While chairing a commission on mental health in the West Midlands, I've proposed a "Wellbeing Premium" - a temporary discount on your business rates if you take tangible steps to improve wellbeing at work. If we can show clear, positive results from our proposed trial, then the Government should roll this out across the country.

    And we should set a clear requirement that any company bidding for public contracts must demonstrate that they are a good employer, that they care for their workers. Why should we give work to corporate cowboys?

    We could also make mental health awareness part of teacher training, because it is the incidence of mental illness among young people that is now so alarming.

    But we cannot hide away from the uncomfortable truth that we need more resources. If Theresa May can think beyond the headlines to her legacy, she will realise government is about tackling the problem, not the publicity.

    Norman Lamb is the Liberal Democrat MP for North Norfolk

  • Joan Walmsley
    Article: Oct 10, 2017
    By Joan Walmsley in Liberal Democrat Voice

    One of the worst scandals in the NHS is the provision, or lack of it, for children with mental health problems.

    "Stick with us" is a major report by the Children's Society about more than 150,000 missed CAMHS appointments in 2016. It is estimated that, at £290 per appointment, they cost £45m last year - much less than it would cost to collect proper data about child mental health. The last proper data was collected in 2004, so it's not just the present government who are to blame.

  • Social care
    Article: Oct 8, 2017
    By Steve Spear in Liberal Democrat Voice

    What do people who need to enter residential care fear most? Losing the home they have worked for the best part of their lives? Separation from their spouse they have shared a bed with for decades? Going to a place where they know they are going to die?

    At a time when a person is at their most vulnerable we force them away from their families and potentially destroy their treasured legacy for their children and grandchildren. So let's be clear, caring for the elderly and keeping them safe as they become frail is more than just a financial crisis, but the solution to both is in how we construct the care budget.

  • Disabled
    Article: Oct 7, 2017
    By Kirsten Johnson in Liberal Democrat Voice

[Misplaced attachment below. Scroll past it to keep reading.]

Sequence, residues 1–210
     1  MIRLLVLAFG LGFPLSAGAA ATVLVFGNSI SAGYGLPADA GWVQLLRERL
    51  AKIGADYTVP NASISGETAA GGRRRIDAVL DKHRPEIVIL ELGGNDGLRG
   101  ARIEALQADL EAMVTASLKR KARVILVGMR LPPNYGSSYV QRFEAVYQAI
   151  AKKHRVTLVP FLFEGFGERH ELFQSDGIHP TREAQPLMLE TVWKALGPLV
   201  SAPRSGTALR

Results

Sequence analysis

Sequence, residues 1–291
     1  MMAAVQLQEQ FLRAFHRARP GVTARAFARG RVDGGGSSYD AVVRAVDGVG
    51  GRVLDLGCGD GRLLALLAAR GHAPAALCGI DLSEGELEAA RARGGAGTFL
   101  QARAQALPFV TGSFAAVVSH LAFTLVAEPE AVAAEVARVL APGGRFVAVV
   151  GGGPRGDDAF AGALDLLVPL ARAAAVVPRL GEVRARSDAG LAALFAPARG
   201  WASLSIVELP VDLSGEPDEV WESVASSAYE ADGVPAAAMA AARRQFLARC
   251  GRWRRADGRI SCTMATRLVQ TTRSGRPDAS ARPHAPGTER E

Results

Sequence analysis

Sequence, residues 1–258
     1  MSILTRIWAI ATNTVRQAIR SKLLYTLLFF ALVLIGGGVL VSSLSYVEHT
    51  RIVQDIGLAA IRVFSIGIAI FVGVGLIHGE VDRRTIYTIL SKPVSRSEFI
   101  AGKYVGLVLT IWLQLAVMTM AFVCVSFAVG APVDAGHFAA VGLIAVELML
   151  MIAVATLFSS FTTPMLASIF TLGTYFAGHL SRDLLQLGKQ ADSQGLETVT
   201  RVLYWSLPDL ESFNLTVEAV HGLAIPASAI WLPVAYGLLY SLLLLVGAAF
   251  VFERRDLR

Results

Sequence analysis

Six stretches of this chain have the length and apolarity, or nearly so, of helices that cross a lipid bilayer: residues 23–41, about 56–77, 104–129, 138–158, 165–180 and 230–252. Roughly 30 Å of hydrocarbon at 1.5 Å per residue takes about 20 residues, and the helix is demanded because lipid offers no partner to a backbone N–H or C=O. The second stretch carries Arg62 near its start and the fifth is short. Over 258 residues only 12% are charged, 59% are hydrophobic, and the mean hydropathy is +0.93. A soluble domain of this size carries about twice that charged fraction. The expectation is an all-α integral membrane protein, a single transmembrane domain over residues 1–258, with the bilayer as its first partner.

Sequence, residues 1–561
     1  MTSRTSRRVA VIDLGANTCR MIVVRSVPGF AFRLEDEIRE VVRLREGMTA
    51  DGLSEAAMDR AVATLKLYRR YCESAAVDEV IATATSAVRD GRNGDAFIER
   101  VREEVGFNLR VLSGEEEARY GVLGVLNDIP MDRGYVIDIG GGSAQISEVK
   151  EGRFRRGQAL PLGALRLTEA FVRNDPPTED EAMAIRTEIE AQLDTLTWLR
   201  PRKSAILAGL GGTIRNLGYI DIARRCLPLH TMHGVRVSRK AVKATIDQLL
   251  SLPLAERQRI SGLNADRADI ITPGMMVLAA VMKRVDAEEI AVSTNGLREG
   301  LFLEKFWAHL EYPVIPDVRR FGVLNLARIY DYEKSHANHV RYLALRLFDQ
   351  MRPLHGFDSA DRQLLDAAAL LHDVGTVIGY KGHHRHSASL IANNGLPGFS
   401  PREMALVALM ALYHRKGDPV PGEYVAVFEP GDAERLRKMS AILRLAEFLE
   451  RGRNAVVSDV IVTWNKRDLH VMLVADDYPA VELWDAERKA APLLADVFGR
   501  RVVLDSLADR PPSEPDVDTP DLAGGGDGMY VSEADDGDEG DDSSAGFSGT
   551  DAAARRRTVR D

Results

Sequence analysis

Have you heard about the Disabled Children's Partnership? It was launched over the summer by a large group of charities, including Mencap, Contact and The Children's Trust. The network now links more than fifty organisations who support children with a range of conditions, from the Fragile X Society and the Down's Syndrome Association to Young Lives with Cancer CLIC Sargent and the Myotonic Dystrophy Support Group.

  • Vince Cable (Chris McAndrew [CC BY 3.0 (http://creativecommons.org/licenses/by/3.0)], via Wikimedia Commons)
    Article: Oct 5, 2017
    By Andrew Gregory in The Mirror

    Sir Vince Cable: Nearly 500 people died last year waiting for donors ... that's why I am backing Mirror's campaign

    Lib Dem leader says the party are backing our Change the Law for Life to make giving organs an opt-out system

    " Lib Dem leader Sir Vince Cable has thrown his weight behind the Mirror campaign to change the law on organ donation .

  • Norman Lamb (Chris McAndrew [CC BY 3.0 (http://creativecommons.org/licenses/by/3.0)], via Wikimedia Commons)
    Article: Sep 26, 2017

    Responding to Jonathan Ashworth's comments on the Today Programme that he was not convinced by a cross-party approach to tackling the crisis in social care, former Liberal Democrat Health Minister Norman Lamb said:

    "It is disappointing, but not at all surprising, that the Labour Party seems intent on putting petty political point scoring ahead of the opportunity to genuinely help millions of vulnerable older people. We already know more than a million people are not getting social care they need, and this is only set to get worse as politicians in Westminster fail to act. Shouting at each other doesn't get older people the care they need.

  • Vince Cable (Chris McAndrew [CC BY 3.0 (http://creativecommons.org/licenses/by/3.0)], via Wikimedia Commons)
    Article: Sep 21, 2017

    9,832 EU nationals left the NHS between 30 June 2016 and 30 June 2017, figures published by NHS Digital today have revealed. This is an increase of 22% on the previous year, and up 42% on two years earlier.

    In total 3,885 nurses, 1,794 doctors and 1,518 support staff from the EU left the NHS between June 2016 and June 2017.

  • Comforting Chldren
    Article: Sep 19, 2017
    By Norman Lamb

    Liberal Democrat conference has today called for tax breaks for employers who improve mental health.

    We need a bold new approach to improving mental health focused on prevention, including giving discounts to business rates for companies that take concrete steps to improve well-being in the workplace.